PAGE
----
A visit to the capital is a must – Quito is a thriving hub of wastrels and skyscrapers, bursting at the seams with exotic and vividly coloured restaurants, bakeries, cultural history and night spots. It is also home to the famed Gringolandia – a term of endearment bestowed by the locals on a small area devoted entirely to hostels, internet cafes, bars, tour agencies and brothels run by African immigrants. On a clear day you can marvel at the depth and breadth of Ecuador’s capital by making a pilgrimage to the large statue of the Virgin that guards the city from a high hilltop. A trip to the Old Town will leave you stunned by the mix of Belgian-esque cobbles and architecture, and the plethora of vagrants, vendors and comedians who ply their trade underneath austere Catholic facades and fountains. Getting there is half the fun so take a local bus and get lost a few times.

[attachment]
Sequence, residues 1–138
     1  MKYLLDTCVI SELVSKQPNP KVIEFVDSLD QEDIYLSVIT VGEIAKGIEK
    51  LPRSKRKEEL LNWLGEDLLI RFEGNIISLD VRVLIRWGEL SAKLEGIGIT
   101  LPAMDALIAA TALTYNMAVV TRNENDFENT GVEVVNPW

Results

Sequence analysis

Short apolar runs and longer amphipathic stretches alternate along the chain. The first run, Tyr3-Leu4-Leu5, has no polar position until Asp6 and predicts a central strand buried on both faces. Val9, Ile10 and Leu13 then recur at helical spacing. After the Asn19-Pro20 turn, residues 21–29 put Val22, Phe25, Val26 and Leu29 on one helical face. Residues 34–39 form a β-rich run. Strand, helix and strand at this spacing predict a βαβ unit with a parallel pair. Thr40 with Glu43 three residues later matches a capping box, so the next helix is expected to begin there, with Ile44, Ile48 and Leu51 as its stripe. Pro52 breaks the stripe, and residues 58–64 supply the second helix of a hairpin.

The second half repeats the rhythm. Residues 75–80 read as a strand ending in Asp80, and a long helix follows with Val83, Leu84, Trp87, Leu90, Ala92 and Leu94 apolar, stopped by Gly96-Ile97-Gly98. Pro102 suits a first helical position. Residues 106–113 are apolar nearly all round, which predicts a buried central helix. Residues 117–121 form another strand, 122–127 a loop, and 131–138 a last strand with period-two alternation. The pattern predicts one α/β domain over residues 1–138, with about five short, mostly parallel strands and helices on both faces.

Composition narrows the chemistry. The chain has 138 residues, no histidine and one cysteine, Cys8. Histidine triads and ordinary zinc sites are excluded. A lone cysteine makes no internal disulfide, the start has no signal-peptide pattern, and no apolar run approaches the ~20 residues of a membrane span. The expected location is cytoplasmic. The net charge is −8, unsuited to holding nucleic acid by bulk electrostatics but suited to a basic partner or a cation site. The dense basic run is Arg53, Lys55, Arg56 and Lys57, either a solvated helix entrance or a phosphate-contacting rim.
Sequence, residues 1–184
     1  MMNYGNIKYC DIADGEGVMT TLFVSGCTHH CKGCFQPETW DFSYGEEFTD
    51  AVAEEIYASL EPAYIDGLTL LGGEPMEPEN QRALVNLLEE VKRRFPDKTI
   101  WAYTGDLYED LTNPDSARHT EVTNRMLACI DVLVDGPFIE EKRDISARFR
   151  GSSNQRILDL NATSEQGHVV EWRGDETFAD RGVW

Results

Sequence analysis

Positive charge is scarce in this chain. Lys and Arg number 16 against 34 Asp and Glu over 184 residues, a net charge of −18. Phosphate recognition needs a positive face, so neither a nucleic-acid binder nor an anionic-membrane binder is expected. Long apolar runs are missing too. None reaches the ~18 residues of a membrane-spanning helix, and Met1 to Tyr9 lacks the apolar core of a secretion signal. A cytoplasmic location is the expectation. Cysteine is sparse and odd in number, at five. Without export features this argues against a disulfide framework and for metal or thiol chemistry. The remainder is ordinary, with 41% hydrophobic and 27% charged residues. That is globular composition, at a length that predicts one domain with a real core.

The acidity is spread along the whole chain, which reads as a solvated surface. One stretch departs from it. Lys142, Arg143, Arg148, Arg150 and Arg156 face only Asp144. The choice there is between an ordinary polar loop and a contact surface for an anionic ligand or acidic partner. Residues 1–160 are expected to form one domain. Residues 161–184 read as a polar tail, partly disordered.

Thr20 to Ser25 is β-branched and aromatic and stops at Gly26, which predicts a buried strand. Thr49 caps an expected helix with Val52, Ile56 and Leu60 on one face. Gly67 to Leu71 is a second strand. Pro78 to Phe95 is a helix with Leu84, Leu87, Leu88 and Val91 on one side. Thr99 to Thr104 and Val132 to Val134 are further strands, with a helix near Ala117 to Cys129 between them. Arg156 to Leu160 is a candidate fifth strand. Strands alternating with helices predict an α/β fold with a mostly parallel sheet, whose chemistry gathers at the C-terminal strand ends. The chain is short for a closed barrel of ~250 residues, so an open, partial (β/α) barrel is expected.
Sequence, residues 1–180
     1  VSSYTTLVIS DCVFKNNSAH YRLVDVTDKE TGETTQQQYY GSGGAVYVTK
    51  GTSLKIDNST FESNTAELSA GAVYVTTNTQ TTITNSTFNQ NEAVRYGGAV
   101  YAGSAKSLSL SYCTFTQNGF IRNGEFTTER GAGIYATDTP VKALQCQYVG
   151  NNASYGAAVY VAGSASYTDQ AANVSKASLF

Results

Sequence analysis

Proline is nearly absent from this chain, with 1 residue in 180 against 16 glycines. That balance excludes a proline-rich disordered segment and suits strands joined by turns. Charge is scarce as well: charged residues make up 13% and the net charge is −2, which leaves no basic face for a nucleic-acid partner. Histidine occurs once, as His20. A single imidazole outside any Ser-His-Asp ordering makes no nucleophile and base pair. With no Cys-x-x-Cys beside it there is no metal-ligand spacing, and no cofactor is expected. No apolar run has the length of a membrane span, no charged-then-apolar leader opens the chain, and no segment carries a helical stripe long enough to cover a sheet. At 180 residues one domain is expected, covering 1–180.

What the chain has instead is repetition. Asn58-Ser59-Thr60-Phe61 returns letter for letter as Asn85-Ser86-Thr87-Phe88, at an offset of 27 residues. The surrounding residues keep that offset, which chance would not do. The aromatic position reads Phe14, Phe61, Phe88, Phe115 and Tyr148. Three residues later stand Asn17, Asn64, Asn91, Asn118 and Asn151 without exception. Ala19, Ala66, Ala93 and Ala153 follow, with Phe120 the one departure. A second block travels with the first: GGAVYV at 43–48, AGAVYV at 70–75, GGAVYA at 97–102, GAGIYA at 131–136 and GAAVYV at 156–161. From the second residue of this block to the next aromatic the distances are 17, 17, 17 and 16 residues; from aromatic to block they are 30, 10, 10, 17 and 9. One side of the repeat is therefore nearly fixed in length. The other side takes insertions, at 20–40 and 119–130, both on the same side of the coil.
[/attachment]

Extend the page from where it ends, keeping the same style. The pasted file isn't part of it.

Quito is also the best place to start from – from there you can organise trips to Otavalo (massive craft and animal market – worth a visit for llama goods and genuine Ecuadorian-carved chess sets), Mitad del Mundo ( the erroneously named Equatorial Line – some 30 kilometres off by the last measurement), and various forests and wildlife hideaways.